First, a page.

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The Lillie Parsons Wreck
There are thousands of wrecks decorating the bottom of the Saint-Lawrence river, from sailboats to cargo ships, from so shallow that they poke out of the water, to so deep that it challenges even the most experienced tech divers, everything can be found in the Saint-Lawrence river. And today we will discuss the physically straining, extremely fun, and slightly wild dive that the Lillie Parsons wreck takes you on.
Context and Background
The Lillie Parsons is a two-masted american schooner which launched in September 1868. She sank in 1877, near Brockville, Ontario, after she hit a rock, took on water and sank after her cargo shifted during a squall. A squall is essentially a sudden, sharp increase in wind speed lasting minutes, contrary to a wind gust lasting seconds, and cause of many sunken wrecks.
As of now, she lays upside down, in about 20 meters of water, off the sore of Sparrow Island. Over the years, she’s been slowly shifting further away from the island, and now balances on the sloping shore, and a drop down to 30 meters. Eventually, she will sink further into the river. But until then, she is an extremely fun dive that you definitely should try!
A quick tip about diving in the Saint-Lawrence river, and particularly on this wreck: the current is very very strong. Both on the surface and at the bottom of the river. The wreck is positioned in a way that the current splits at the stern and runs along both its sides, joining back at the bow. Visibility can vary depending on the weather, but is usually rather low, so make sure to bring flashlights, even if its just to peak underneath the wreck and in the dark corners of it. And as always when diving in Canada, make sure you wear proper exposure suits, whether that is wetsuit or drysuit, make sure you stay comfortable throughout the dive!
The boat captain drops you a few meters away from the actual wreck. You start with a negative entry, to stay clear of very strong surface currents. You giant stride into the water, grabbing the mooring line, you descend. Everyone assembles at the bottom, and you let go of the line. Always facing the shore side, where an impressive wall of rocks keeps you oriented, you drift with the current, at an alarming speed. After a few minutes, the silhouette of the wreck appears.
You drift up to the stern, getting a few seconds of current-less peace. Establish proper neutral buoyancy, wait for all divers to be ready, and jump back into the current. You drift along the starboard side, peeking under the rails to look at the downturned deck. Eventually you reach the bow, and it takes a strong and determined kick to swim out of the current to the port side. Anchored in the rocks is a heavy chain, you grab it quickly. The pull starts now, one hand after the other, you haul yourself along the chain, fighting a current as high as 2 to 3 knots. You cannot kick to help your climb, it will stir up the delicate silt and lower visibility even more. You climb and climb and climb, muscles barking in protest, trying to calm your breathing. You reach the stern. You catch your breath, you jump back in the current and back around we go!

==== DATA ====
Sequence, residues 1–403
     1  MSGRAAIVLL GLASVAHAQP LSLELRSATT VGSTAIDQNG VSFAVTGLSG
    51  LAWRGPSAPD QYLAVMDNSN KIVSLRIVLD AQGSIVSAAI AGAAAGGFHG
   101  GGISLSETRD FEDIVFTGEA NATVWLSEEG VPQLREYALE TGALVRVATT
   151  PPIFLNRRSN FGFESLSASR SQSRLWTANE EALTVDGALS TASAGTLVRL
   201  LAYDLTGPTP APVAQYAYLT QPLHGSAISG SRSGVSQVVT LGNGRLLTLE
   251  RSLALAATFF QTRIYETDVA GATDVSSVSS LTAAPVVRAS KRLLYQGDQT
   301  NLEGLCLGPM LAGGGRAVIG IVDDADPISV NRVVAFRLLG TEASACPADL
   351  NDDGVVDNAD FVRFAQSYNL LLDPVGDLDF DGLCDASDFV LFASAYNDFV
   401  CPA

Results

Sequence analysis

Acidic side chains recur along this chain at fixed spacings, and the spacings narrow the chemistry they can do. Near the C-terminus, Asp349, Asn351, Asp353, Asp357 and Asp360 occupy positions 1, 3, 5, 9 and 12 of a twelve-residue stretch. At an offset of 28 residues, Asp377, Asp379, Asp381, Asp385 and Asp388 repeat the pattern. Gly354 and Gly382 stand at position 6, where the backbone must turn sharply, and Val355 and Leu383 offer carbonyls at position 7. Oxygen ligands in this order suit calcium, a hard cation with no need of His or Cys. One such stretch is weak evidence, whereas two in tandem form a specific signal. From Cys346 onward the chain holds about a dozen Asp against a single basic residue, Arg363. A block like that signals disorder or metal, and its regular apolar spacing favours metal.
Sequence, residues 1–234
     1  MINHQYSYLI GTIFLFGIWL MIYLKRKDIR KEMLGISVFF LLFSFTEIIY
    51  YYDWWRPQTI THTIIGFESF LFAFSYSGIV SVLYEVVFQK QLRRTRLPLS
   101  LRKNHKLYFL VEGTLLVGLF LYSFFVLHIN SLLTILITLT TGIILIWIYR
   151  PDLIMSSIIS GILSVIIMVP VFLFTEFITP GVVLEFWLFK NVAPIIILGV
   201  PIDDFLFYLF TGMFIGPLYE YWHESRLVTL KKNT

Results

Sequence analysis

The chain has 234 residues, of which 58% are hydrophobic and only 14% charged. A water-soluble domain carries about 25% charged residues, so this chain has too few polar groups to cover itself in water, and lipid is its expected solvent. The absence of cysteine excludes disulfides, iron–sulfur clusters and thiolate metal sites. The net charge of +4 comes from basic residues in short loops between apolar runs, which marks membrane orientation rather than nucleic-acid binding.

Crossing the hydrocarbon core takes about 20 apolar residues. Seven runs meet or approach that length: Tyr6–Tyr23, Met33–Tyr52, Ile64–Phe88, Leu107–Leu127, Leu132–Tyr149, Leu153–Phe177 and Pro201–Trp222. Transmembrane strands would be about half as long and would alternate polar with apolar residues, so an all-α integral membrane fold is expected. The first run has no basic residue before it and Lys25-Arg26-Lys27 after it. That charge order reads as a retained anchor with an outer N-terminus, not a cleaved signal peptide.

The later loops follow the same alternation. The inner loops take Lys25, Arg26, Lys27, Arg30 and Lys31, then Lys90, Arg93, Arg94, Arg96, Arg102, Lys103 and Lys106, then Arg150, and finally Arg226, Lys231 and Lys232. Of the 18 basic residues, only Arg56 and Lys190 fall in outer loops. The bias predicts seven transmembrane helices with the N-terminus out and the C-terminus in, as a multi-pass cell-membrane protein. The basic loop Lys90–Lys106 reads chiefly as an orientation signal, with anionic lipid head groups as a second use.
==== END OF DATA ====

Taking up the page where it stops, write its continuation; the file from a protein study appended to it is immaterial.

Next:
Depending on air consumption, you can go around the schooner 2 to 4 times, also depending on how painful your muscles end up after the second trip around if you want my personal opinion.
Once you’ve had enough of the merry-go-round, you return one last time to the stern, and rise above the overturned hull, catching the straight and unaltered force of the current. In a few seconds you clear the enormous ship, and be left to the will of the current. It’s important to keep the shore in sight at all times, to stay on course and to find the rope that will bring you to the correct exit point.
About that exit. A bright yellow line rests on a stairway of rocks, that is the sign to come up, do a safety stop, and ascend to the surface. The drift at the end of the dive brings you to the outer shore of the Sparrow Island, and around into the bay, where your boat captain will be waiting. If you miss it...it’s a long surface swim to the boat. Might as well ride the current :)
In conclusion, the Lillie Parsons Wreck is an incredibly fun dive, and rather accessible to all divers, although experience with drift diving and the conditions of the Saint-Lawrence is recommended for ultimate comfort and safety. Otherwise, I definitely recommend the wreck, it was exciting, a little challenging, and very rewarding given the amazing cheeseburger we were blessed with afterwards! A great thanks to our boat captain and Divemaster, our Instructor on board, and the students accompanying the trip!